Children will react to the behaviour of their parents. Children are affected by the behaviour of parents towards one another. When conflict occurs children who have been close to both parents will frequently need to choose sides. The will often be forced to choose between closeness or loyalty to both parents, to that of one parent. Hence children who have had a good relationship to a now absent parent due to separation, will begin, if indoctrinated, will begin to consider the absent parent as somehow less worthy of their love. This tendency is directly or subtly encouraged by the custodial parent of the child. This could be the mother or the father but is more likely to be the mother.
The bitterness, the resident parent feels and expresses towards their former partner is usually transferred into the minds of the child/children. The child/children frequently develop a similar view about the now absent parent as the resident parent. The absent parent may seek to retaliate but as that absent parent has no or limited contact with the child/children such retaliation will be ineffective. The alienation or denigration of the absent parent leads to the child/children resenting the absent parent and wishing to have as little contact as possible with that parent at the instigation of the custodial parent. This happens for two reasons: 1) the child is angry with the absent parent for “deserting” him/her; 2) the child blames himself for the absent parent leaving and feels resentment against the absent parent. The resentment in turn is picked up by the custodial parent and the course of denigration begins. The child therefore becomes an accomplice to the alienator.
This results in years of court appearances for both parents, increasing the bitterness towards one another. Needless to say, the alienating parent is to blame for the situation developing. Such a parent cares little about this. They will claim that they are merely responding to the hated parent for real or imagined misdeeds. Such a parent does not act in the best interest of the child/children. Ideally, as previously mentioned, children prefer harmony rather than disharmony between their parents.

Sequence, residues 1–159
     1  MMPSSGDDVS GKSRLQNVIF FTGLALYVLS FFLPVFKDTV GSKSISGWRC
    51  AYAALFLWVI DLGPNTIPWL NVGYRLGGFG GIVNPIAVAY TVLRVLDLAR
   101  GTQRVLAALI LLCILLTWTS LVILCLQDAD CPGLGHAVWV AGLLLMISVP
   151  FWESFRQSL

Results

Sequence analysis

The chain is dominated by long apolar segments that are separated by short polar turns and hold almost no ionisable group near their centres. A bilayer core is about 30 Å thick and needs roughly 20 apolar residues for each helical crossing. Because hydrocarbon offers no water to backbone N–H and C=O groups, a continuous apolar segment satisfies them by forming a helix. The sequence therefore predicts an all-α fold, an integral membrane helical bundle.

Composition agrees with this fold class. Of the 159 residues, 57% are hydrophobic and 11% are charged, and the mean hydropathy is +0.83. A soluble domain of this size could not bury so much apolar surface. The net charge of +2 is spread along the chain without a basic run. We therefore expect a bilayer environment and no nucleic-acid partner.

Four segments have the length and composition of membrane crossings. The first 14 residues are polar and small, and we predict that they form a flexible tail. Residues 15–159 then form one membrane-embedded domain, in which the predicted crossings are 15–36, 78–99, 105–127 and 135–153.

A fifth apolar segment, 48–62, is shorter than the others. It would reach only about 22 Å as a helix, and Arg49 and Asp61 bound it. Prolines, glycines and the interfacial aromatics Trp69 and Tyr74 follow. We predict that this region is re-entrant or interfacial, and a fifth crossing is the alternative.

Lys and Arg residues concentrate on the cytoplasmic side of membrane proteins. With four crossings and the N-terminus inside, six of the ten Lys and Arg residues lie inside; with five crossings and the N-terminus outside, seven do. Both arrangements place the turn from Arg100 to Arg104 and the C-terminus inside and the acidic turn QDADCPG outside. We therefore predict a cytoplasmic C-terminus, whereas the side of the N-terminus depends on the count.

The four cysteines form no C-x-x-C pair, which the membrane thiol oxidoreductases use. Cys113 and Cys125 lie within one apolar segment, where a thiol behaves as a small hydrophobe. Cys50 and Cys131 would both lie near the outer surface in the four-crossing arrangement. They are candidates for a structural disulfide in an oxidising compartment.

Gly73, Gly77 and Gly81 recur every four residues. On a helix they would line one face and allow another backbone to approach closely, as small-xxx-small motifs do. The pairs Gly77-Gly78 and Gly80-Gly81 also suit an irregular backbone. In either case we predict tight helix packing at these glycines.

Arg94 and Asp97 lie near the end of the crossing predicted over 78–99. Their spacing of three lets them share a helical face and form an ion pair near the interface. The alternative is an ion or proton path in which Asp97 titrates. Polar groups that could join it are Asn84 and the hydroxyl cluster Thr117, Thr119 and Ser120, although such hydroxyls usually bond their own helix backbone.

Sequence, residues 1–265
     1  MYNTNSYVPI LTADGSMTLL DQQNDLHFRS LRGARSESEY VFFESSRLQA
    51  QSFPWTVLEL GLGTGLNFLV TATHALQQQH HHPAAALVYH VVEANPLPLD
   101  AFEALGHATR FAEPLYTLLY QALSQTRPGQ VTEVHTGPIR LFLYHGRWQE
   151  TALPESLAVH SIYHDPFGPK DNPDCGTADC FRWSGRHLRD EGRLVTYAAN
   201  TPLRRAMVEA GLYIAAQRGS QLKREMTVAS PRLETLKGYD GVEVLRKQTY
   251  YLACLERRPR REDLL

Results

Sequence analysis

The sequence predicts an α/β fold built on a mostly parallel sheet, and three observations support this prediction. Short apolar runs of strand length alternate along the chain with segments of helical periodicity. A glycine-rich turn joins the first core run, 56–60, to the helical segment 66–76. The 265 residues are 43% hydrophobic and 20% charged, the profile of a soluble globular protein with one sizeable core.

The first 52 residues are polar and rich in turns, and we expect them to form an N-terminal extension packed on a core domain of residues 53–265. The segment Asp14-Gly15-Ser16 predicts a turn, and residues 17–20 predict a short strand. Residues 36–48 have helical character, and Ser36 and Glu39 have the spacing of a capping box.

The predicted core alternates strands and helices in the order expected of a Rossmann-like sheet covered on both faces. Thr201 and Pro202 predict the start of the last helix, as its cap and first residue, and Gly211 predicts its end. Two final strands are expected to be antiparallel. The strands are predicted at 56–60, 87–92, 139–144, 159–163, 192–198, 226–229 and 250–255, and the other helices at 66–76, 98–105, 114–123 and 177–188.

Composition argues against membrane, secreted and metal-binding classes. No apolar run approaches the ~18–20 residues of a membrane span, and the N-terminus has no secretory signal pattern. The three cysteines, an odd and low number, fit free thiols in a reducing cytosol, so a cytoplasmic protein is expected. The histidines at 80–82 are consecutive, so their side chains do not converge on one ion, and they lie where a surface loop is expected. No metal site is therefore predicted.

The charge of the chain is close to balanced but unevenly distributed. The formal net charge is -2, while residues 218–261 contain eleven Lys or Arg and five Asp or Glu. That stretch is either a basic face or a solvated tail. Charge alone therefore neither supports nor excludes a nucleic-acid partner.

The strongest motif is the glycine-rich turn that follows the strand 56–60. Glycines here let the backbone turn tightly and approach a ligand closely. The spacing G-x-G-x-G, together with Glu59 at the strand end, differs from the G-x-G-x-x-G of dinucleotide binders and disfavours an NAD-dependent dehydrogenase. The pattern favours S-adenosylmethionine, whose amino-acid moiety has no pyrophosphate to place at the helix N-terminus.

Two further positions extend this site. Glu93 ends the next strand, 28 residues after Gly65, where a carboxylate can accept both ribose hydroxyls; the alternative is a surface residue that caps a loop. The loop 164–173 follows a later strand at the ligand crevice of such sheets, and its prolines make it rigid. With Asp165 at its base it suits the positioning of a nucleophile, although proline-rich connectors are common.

The children eventually become embroiled in a web of hostility, anger, aggression and deceit. This they have learned from the most important adult in their lives who does not inculcate positive, and constructive emotions in the child. It is not strange therefore, that the children have learned to hate and deceive as instructed, or at least not discouraged, by a custodial parent. Let me illustrate this by an actual ongoing case:
An illustration of alienation, deceit and hostility
For over four years there had been an acrimonious relationship between Mr & Mrs X. The alienation of the two daughters aged 7 and 9 began when Mr X, a Muslim decided he wished to divorce his Muslim wife, due to the acrimony which developed between them. Both parties sought total control of their children. They both wished to run the home as they themselves wished it without considering the other party. Mrs X resented the husband seeking a divorce and threatened that if he did so, she would do all she could to prevent his seeing their two children. She therefore sabotaged all contact of the children with the father when father left the home. She totally dominated the children and insidiously prevented them from communicating with the father.
There were numerous court appearances with the Judiciary arranging weekly contact for the father of the children. Mother defied the court asserting that the girls did not wish to have contact with their father because of the way he had treated them and her in the past. It seemed that the Judiciary was unable to, or unwilling to use more firm means, including punishing the mother for failure to encourage the girls to have contact with their father.